Plaintiffs filed no response or opposition to the November 22 motion for sanctions or dismissal. On December 20, the court issued a brief entry order, stating, A [a]s no opposition has been filed, the motion is granted. The claims against Ronald Powers and Honoree Fleming are hereby dismissed.@ Shortly thereafter, plaintiffs moved for reconsideration under V.R.C.P. 60(b), explaining that plaintiffs= counsel had been unable to comply with the A November 15 deadline@ because of his mother= s situation, that unsigned responses were initially provided on November 25 because plaintiffs were away on vacation, and that counsel= s failure to respond to the motion to dismiss was inadvertent and attributable to his focus on providing the belated responses to interrogatories. The court denied the motion for relief, without hearing, in a brief entry order, which stated: A Forgetting to file a response to a motion is not excusable neglect under Rule 60(b). Accord, Margison v. Spriggs, 146 Vt. 116, 120 (1985).@ Thereafter, the court entered a final judgment in favor of defendants Ronald Powers and Honoree Fleming. This appeal followed.
The trial court= s ruling on a Rule 60(b) motion is committed to the sound discretion of the court and will not be disturbed on appeal absent a showing that the discretion was withheld or abused. Bingham v. Tenney, 154 Vt. 96, 99 (1990). Similarly, absent an abuse of discretion, a trial court= s use of sanctions for violating a discovery order will be upheld. White Current Corp. v. Vt. Electric Coop., 158 Vt. 216, 223 (1992). Nevertheless, the imposition of sanctions for discovery violations under V.R.C.P. 37(b) B particularly the ultimate sanction of dismissal B must be strictly in accord with the procedural requirements. These include a motion to compel accompanied by an affidavit by counsel for the moving party certifying that he or she has conferred with counsel for the opposing party in a good faith effort to resolve the issue without court intervention, V.R.C.P. 26(h), and an order directing compliance with the requested discovery. See In re R.M., 150 Vt. 59, 63 (1988) (only if there has been A a failure to comply with a specific discovery order would sanctions . . . be appropriate@ ). Dismissals for failure to comply with a discovery order must also be accompanied by findings that noncompliance with the discovery order was willful or in bad faith and resulted in prejudice to the aggrieved party, or that other less severe sanctions were unavailable. See C.C. Miller Corp. v. Ag Asset, Inc., 151 Vt. 604, 606-07 (1989) (reversing dismissal for failure to file sworn, timely responses to interrogatories where court failed to find that defendants= noncompliance was willful or in bad faith); John v. Med. Ctr. Hosp. of Vt., 136 Vt. 517, 519 (1978) (ultimate sanction of dismissal requires findings that there has been bad faith or willful disregard of court= s orders, and prejudice to party seeking dismissal).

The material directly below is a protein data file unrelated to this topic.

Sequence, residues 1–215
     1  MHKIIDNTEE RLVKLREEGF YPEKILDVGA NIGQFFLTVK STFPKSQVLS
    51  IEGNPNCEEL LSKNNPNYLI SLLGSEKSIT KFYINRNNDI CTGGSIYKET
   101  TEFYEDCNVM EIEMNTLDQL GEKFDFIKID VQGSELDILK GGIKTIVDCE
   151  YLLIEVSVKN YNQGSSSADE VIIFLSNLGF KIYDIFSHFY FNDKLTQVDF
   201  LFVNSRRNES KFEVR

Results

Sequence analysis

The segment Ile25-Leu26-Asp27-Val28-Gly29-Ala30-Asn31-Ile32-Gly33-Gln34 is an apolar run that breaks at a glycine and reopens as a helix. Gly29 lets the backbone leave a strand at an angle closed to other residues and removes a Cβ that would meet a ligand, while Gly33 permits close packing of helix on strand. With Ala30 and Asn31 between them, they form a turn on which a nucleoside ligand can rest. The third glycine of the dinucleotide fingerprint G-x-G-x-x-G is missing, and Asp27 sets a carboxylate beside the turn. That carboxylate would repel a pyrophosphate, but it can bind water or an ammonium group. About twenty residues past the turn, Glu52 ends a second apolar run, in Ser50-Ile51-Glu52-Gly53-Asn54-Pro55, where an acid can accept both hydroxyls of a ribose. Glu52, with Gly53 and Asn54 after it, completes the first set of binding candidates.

Although defendants= efforts to obtain responses to interrogatories were apparently discussed at the November 8 status conference, the record does not contain the requisite affidavit from counsel certifying the efforts to confer in good faith to resolve the issue without court intervention, as required under V.R.C.P. 26(h). Similarly, while the parties= pleadings allude at various points to a November 15 A deadline@ and a trial court A directive,@ this is insufficient to show the existence of a A specific discovery order@ which is the essential predicate to an order imposing sanctions under V.R.C.P. 37(b). In re R.M., 150 Vt. at 63. The references in the parties= pleadings are ambiguous, and may refer merely to a deadline to which the parties agreed and the court approved. The docket entry for the November 8 status conference where the matter was allegedly brought to the attention of the trial court makes no reference whatsoever to any order requiring plaintiffs to file responses by November 15, and the docket entries are elsewhere entirely silent on the matter. The record, in short, contains no evidence that the court issued a specific discovery order requiring plaintiffs to file responses by November 15, 2002.
It follows, accordingly, that there was no factual or legal basis for the motion to dismiss for failure to comply with the purported discovery order. Thus, plaintiffs= failure to file an opposition to the motion to dismiss cannot form a basis for granting it. Because dismissal was improper, we conclude that the court erred in denying plaintiffs= motion for reconsideration. The judgment must therefore be reversed, and the matter remanded for further proceedings.
BY THE COURT:
Jeffrey L. Amestoy, Chief Justice
Denise R. Johnson, Associate Justice
Paul L. Reiber, Associate Justice